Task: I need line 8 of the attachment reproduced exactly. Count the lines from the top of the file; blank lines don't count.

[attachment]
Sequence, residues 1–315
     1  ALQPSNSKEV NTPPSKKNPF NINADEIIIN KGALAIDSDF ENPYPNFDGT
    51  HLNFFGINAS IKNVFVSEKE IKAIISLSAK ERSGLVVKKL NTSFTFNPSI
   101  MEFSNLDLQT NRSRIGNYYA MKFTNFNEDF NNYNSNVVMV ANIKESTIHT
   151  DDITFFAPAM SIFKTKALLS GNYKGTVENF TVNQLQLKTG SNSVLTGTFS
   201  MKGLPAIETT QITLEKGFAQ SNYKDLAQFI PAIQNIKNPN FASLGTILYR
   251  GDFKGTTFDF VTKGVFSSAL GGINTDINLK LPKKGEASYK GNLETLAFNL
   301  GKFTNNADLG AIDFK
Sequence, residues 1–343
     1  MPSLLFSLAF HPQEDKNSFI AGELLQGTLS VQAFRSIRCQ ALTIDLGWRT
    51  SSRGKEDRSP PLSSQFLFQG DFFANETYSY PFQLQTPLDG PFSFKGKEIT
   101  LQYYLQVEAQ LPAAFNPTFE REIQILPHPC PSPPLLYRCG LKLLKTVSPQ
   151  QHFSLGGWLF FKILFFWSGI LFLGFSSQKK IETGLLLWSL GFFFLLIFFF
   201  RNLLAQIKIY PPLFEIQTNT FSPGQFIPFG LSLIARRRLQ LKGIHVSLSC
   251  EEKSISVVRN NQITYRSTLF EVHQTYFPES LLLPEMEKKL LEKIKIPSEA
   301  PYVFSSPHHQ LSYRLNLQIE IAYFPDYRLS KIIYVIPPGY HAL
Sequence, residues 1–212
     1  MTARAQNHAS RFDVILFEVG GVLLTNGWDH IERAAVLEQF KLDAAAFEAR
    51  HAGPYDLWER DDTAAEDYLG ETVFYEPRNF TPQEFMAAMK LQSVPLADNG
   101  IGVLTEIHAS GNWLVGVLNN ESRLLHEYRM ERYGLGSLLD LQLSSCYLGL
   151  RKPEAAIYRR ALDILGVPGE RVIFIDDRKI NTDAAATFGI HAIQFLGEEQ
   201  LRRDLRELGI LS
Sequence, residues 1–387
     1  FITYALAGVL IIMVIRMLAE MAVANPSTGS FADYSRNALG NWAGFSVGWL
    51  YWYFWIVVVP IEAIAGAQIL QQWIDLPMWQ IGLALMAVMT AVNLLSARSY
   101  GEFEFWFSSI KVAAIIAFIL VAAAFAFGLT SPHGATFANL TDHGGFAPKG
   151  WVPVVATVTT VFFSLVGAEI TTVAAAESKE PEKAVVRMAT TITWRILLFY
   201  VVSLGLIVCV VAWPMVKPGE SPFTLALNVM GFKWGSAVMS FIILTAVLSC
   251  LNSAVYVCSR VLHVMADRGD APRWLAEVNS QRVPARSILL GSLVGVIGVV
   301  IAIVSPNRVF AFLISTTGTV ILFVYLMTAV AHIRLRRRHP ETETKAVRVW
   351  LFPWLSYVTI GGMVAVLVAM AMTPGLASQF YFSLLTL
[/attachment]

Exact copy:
   301  GKFTNNADLG AIDFK